by Monica Hammond
Edward Cridge was involved in the earliest days of what is now the Royal Jubilee Hospital. In 1858 a sick man was found lying on a mattress in the Cridges’ garden. Edward and his wife Mary cared for him, and realized that there was a need in their community for a medical facility. Edward made use of his connections in the community to open a care centre in Blinkhorn’s, a rented cottage at the corner of Yates and Broad Streets in downtown Victoria. Governor James Douglas helped to fund it. The number of patients at Blinkhorn’s grew quickly, and the facility moved to a building on the Songhees Reserve. These were the simple beginnings of what is now the Royal Jubilee Hospital.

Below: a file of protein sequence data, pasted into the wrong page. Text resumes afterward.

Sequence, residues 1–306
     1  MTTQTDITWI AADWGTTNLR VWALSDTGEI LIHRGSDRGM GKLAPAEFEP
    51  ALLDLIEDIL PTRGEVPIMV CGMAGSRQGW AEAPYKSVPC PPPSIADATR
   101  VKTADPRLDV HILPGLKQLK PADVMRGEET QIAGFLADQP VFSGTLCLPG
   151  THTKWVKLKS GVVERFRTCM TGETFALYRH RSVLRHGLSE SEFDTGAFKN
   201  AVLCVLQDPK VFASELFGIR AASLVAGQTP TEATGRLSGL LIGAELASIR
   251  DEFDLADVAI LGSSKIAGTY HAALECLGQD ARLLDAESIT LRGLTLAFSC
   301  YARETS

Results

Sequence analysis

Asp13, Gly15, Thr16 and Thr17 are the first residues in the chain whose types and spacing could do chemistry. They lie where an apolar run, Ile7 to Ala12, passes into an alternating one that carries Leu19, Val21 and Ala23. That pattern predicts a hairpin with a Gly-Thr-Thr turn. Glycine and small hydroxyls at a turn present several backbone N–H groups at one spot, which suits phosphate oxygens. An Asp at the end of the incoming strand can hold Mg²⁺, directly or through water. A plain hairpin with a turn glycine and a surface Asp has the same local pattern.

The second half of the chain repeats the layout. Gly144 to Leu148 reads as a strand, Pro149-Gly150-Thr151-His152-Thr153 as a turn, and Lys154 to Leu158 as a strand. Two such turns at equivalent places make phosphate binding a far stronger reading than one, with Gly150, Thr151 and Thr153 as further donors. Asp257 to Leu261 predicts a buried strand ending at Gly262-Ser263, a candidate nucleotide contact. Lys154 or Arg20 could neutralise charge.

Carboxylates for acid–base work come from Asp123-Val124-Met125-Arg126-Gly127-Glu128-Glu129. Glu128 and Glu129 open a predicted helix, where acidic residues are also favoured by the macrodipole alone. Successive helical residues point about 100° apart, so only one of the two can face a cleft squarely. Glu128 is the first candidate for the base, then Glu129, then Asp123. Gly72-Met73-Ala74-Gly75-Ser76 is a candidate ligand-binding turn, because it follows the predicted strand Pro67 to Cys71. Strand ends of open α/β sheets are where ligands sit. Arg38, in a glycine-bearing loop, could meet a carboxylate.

This piece is based on the work of Vernon Storey, Terry Worobetz and Henry Kennedy in their book The Home: Orphans’ Home to Family Centre: 1873 to 1998. Copies of the book are available for purchase at The Cridge Centre for the Family.